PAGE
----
Most of the times when you read, it is to acquire knowledge. You read to know what you didn’t know before, retain it easily in your memory and easily recall it when you really need it.
Sometimes your memory may let you down when you need it most. A combination of factors are responsible for your inability to remember ideas you thought you had them securely stored in your memory.
1. Maybe you are yet to realize the approach that works for you. Find out; do you easily retain and recall pictoral representations or infographics? If this is true, then summarize every idea you wish to remember as infographics. Could you build your own models out of those lengthy wordy articles? Then do so. This approach should improve your ability to read, retain and recall what has been read. It should also make reading fun,
2. Which period of the day suits you and makes reading exciting. Are you freshest or at your concentration best in the morning, few hours after waking up or few hours before retiring to bed? Find out and maximize every second of the period when you are at your optimum,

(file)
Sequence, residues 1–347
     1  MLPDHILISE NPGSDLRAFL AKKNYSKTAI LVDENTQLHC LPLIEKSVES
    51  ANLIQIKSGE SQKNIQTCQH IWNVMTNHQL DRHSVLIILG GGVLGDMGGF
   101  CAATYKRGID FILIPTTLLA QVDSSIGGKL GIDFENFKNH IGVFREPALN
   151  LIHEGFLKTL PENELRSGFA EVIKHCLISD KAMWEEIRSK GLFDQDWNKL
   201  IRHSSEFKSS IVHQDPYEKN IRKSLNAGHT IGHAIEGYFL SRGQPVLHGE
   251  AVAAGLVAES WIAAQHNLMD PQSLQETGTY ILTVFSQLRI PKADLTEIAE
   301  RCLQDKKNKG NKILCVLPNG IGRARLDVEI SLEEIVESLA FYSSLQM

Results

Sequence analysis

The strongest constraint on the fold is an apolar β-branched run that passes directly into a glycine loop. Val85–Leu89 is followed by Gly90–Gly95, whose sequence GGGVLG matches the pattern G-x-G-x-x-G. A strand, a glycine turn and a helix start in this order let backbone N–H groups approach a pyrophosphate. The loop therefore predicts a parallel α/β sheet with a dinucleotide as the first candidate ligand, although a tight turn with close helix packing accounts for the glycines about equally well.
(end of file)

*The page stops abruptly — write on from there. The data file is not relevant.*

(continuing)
3. Get distractions out of the way. Many people read and retain better in a quiet environment. Although few people have the rare capacity to concentrate on their reading in a noisy environment. Start first by doing your reading activities in a quiet environment until it becomes a habit,
4. You don’t feel like reading? Then don’t force it,
5. Share newly acquired ideas. Put them into practice. Each time you share an idea, you boost your ability to understand it better, retain it better and recall it faster.
Read “How to Retain More of Every Book You Read” by James Clear at